Why the US Wants to End a Cold War Nuclear Missile Treaty

The Soviets deployed hundreds of mobile SS-20 intermediate force missile launchers in the 1980s — with three nuclear warheads on each missile and reloads for each launcher. These were targeted against Western Europe, China, and Japan. The highly accurate SS-20 had great mobility when field deployed to ensure survivability. (Image: Edward L. Cooper / Defense Intelligence Agency / Public Domain)
The Soviets deployed hundreds of mobile SS-20 intermediate force missile launchers in the 1980s — with three nuclear warheads on each missile and reloads for each launcher. These were targeted against Western Europe, China, and Japan. The highly accurate SS-20 had great mobility when field deployed to ensure survivability. (Image: Edward L. Cooper / Defense Intelligence Agency / Public Domain)

On Oct. 20, U.S. President Donald Trump announced his intention to end a Cold War-era treaty that was designed to make nuclear war less likely by eliminating intermediate ballistic missiles (IRBMs) from the American and Soviet arsenals.

Speaking to reporters, Trump maintained that the Intermediate-Range Nuclear Forces (INF) Treaty was no longer effective because the other major member state, Russia, had violated the agreement and because China — which possesses a growing stockpile of IRBMs — is not a signatory to or limited by the treaty.

The INF Treaty was signed in 1987 by then-U.S. and Soviet heads of state Ronald Reagan and Mikhail Gorbachev. It banned the deployment, development, and production of all ballistic and cruise missiles with ranges between 500 and 5500 km (310-3,418 miles) — that is, the kind of missiles most likely to be used in a nuclear war in Europe, which was then divided into communist and democratic alliances on either side of the Iron Curtain.

President Trump told reporters that Russia, the successor state to the Soviet Union when it broke up in 1991, has “been violating [the INF Treaty] for many years.”

In 2014, the Russian military deployed the nuclear-armed SSC-8 missile, and by 2017 had two battalions of the weapons in service, according to a New York Times report. The SSC-8 was developed from an anti-ship missile and has a range of up to 3,400 miles.

Trump also cited concerns about the fact that the People’s Republic of China is not a signatory to the INF Treaty as one of his reasons for wanting to end it.

“If Russia’s doing it and if China’s doing it and we’re adhering to the agreement, that’s unacceptable,” Trump said.

Ten years before the signing of the INF Treaty, the U.S. and Western European governments were alarmed by the Soviet Union’s 1977 deployment of the SS-20 (or RSD-10) ballistic missile. The SS-20 had enough range and accuracy to hit most targets in Europe from locations hidden deep in Soviet territory.

In addition, the SS-20 could be fired by mobile launch trucks, giving the Soviet military the ability to launch a sudden tactical strike against critical NATO installations. The missile’s deployment became a potent symbol of heightened tensions in the late Cold War.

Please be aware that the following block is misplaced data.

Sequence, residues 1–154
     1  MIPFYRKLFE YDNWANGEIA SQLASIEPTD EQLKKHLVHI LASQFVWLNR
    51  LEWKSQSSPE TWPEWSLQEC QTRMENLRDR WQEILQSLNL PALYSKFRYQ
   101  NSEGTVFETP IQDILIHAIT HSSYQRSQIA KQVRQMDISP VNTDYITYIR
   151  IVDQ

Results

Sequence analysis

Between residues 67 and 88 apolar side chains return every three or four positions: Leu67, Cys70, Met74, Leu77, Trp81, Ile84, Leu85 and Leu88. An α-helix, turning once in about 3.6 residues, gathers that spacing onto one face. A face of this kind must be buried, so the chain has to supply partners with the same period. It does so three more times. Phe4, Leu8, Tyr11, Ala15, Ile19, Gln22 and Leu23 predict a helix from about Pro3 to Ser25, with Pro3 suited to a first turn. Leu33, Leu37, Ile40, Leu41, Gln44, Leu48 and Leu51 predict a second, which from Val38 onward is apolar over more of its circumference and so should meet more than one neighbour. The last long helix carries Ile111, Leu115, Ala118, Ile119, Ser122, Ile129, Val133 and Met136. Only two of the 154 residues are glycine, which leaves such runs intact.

Though China tested its first nuclear bomb in 1964 and acquired ballistic missiles in the decades following, Beijing has always claimed a much smaller arsenal than that of the United States or Russia.

However, the Chinese regime maintains a large force of IRBMs and other medium-range missiles, thousands of which are directed at Taiwan and other targets in East Asia. Most recently, the Chinese People’s Liberation Army (PLA) deployed the Dongfeng-26, an IRBM with a range of 4,000 km (2,500 miles). Its range and accuracy give it the ability to hit Guam, a U.S. island that serves as an important base in the second island chain of the Pacific. This capability has earned the DF-26 the nicknames “Guam Killer” and “Guam Express.”

Dongfeng-16 medium-range ballistic missiles appear in a Beijing military parade. (CCTV via Central News Agency)

Dongfeng-16 medium-range ballistic missiles appear in a Beijing military parade. (Image: CCTV via Central News Agency)

Many experts suspect that the PLA possesses thousands, not hundreds of nuclear warheads as is officially acknowledged. In 1995, Chinese state-run CCTV reported that China had an underground nuclear weapons infrastructure, and more was revealed about the constructions by China National Defense News in 2009.

Then in 2011, Tokyo-based website The Diplomat ran an article detailing an underground “nuclear great wall.” This subterranean network reportedly consists of thousands of miles of tunnels complete with road and rail links throughout the country. An estimated 3,600 nuclear warheads and missiles could be deployed in the “nuclear great wall.”

Per the report, the “nuclear great wall” project began in 1965 under the auspices of Zhou Enlai, China’s then-premier. It is buried at least 100 meters (about 300 feet) below ground level at all points. There are at least seven major bases involved with the network, the largest of which is located in the Taihang Mountains in the northern Chinese province of Hebei.

As noted by China hand Peter Navarro in his book Crouching Tiger: What China’s Militarism Means for the World, the PLA’s underground “great wall” makes the Chinese regime a formidable nuclear threat as the arsenal cannot be detected from space and missiles can be launched from a variety of locations with little to no prior warning.

Chinese state-run media and the communist regime have chastised Trump’s concerns about the INF Treaty, saying that he was using China as an excuse to end the treaty.

“It is completely wrong to bring up China when talking about withdrawal from the treaty,” Hua Chunying, the Chinese foreign ministry spokeswoman, said on Oct. 22 in response to Trump’s remarks. Many Chinese-language media spoke of Trump opening a “door to hell” with his proposal.

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